The reason why various sorts of tumors can be completely cured in that manner by the method of the invention is presumably as follows. In the method of the invention, DLI is first performed in a patient with malignant tumor to replace the hematopoietic system of the patient with that of a donor. The thus-constructed donor-derived hematopoietic system (mainly T lymphocytes) attacks the tumor cells of the patient in the manner of GVTR, damaging and killing them and producing a curative effect on the tumor. On the other hand, the donor-derived hematopoietic system regards normal tissues of the patient as a foreign matter and causes GVHD to eliminate the same. In accordance with the invention, however, after DLI, radiation treatment, HLI, and IBM-BMT using host type bone marrow cells are carried out, whereby the onset of GVHD can be prevented or the disease can be treated. More specifically, those lymphocytes which are causative of GVHD are killed by irradiation at a low dose of 3-4 Gy. Further, a host versus graft reaction (hereinafter referred to as “HVGR”) is caused by replacing the donor-derived hematopoietic system again with the hematopoietic system of the patient (reconstruction of the latter system) through HLI. In addition, the environment for the above-mentioned reconstruction of the hematopoietic system of the patient is improved or adjusted by IBM-BMT to thereby facilitate the reconstruction and render it sufficient and at the same time completely inhibit the function of the remaining donor-derived hematopoietic system (mainly T cells). In other words, said IBM-BMT efficiently supplements the host's bone marrow with stromal cells of the host. The cells proliferate and differentiate, and cytokines secreted therefrom and capable of inhibiting the function of T cells prevent the onset of GVHD and promote HVGR. The method of the invention utilizes such mechanisms of action, hence can be termed “revenge therapy”.
The inventors also found that when intravenous administration of host-derived PBSCs is performed in lieu of the above-mentioned HLI and IBM-BMT using host type bone marrow cells, the PBSCs can perform the same function as that of PBMNCs and of WBMCs and, accordingly, the onset of GVHD is suppressed and the HVGR is promoted.
Anyhow, the method of the invention makes it possible to completely inhibit or avoid GVHD as an adverse effect possibly induced by DLI and completely cure various sorts of malignant tumor by frequently repeating DLI by which malignant tumor can be completely erased.
The procedures (steps) to be employed in carrying out the method of the invention are described one by one in detail in the following.
The DLI employed in accordance with the invention can be performed basically in the same manner as the conventional DLI in recurrence therapy for leukemic cells (cf. Shintaro Shiobara, Hematology & Oncology, 42(2):151-157, 2001).
The donor is preferably a normal subject. Further, the donor is preferably allogeneic to the patient (host), to whom the method of the invention is to be applied, but not in agreement in histocompatibility antigens (HLA) with the host. Thus, for producing a better curative effect, one who shows strong interactivity in the mixed lymphocyte reaction (MLR) with lymphocytes of the host, as revealed by preliminary testing, is preferably selected as the donor.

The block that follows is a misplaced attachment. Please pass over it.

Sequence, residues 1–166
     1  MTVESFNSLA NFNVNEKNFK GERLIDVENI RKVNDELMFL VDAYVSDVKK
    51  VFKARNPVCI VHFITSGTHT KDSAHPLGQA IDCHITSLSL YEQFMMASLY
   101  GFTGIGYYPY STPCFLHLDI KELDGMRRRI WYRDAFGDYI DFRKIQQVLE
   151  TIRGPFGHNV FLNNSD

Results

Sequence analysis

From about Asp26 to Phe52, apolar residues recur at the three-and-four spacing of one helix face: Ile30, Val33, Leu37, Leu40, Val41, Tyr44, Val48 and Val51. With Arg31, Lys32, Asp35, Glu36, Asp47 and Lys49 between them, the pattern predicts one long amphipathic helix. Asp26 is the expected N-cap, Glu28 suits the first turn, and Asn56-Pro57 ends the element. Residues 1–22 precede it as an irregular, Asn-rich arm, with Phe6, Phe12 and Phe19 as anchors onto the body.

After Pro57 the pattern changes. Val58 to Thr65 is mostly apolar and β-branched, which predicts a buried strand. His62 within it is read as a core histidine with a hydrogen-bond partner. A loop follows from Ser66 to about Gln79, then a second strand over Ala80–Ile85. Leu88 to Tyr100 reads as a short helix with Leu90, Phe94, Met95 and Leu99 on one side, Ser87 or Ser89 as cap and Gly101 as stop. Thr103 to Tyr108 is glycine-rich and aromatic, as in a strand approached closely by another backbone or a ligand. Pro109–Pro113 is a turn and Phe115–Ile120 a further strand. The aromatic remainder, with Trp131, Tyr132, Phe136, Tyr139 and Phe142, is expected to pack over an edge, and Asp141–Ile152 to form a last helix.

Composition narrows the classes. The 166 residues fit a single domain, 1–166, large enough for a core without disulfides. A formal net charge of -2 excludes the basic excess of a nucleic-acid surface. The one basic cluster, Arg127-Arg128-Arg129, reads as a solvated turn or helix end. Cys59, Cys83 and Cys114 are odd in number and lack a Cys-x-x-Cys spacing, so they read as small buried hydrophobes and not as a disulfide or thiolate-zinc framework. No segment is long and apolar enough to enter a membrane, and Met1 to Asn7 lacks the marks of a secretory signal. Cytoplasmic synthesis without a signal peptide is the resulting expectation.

The donor lymphocytes to be used in DLI are selected from among PBMNCs derived the allogeneic mentioned above. The collection and preparation of PBMNCs can be performed in the conventional manner.
In the practice of the invention, DLI is carried out in the manner of intravenous infusion of PBMNCs. In particular, those PBMNC preparations obtained by the ordinary method contain T cells at a level of about 50% or higher and therefore readily cause GVTR and make it possible to carry out HVGR effectively, hence are preferred.
The amount of PBMNCs to be transfused and the frequency of transfusions can be appropriately determined depending on the condition (age, sex, body weight) of the patient (host) and the severity of disease, among others, without any particular restriction. Generally, the amount is usually selected within the range of about 1×107 to 1×108 cells/kg per shot. The frequency of transfusions and the interval thereof may be such that the desired GVTR-based curative effect on malignant tumor can be produced. Generally, at least two, usually about 3-5, transfusions are performed usually at intervals of 4-7 days.
For producing the curative effect of this DLI on malignant tumor with more certainty, the method of the invention may further comprise subjecting the host to irradiation treatment as a pretreatment prior to DLI. This irradiation treatment has for its object to destroy as much lymphatic system and hematopoietic cells of the host as possible. Generally, total body irradiation (TBI) at a dose of at most about 5 Gy is sufficient. This TBI is judiciously performed on the same day (within 24 hours) as the day of DLI (first time).
According to the method of the invention, after the above DLI (1), irradiation, HLI and IBM-BMT using host type bone marrow cells are carried out. These procedures are preformed for the prevention and treatment of DLI-induced GVHD (judged based, for example, on the host body weight loss as an index).
This post-DLI irradiation is preferably carried out within one week following DLI (last time), with the reduction in size of malignant tumor, host body weight loss as an adverse effect and diarrheal symptoms, for instance, as induced by the DLI performed, being taken as indicators. This irradiation is performed as a pretreatment for the reversion of the donor-derived hematopoietic system constructed (substituted) by the DLI performed again to the host-derived hematopoietic system, namely as a procedure for destroying the donor-derived hematopoietic system. Generally, it is performed in the manner of TBI at a dose of at most about 4 Gy, usually about 3-4 Gy, more preferably about 3 Gy.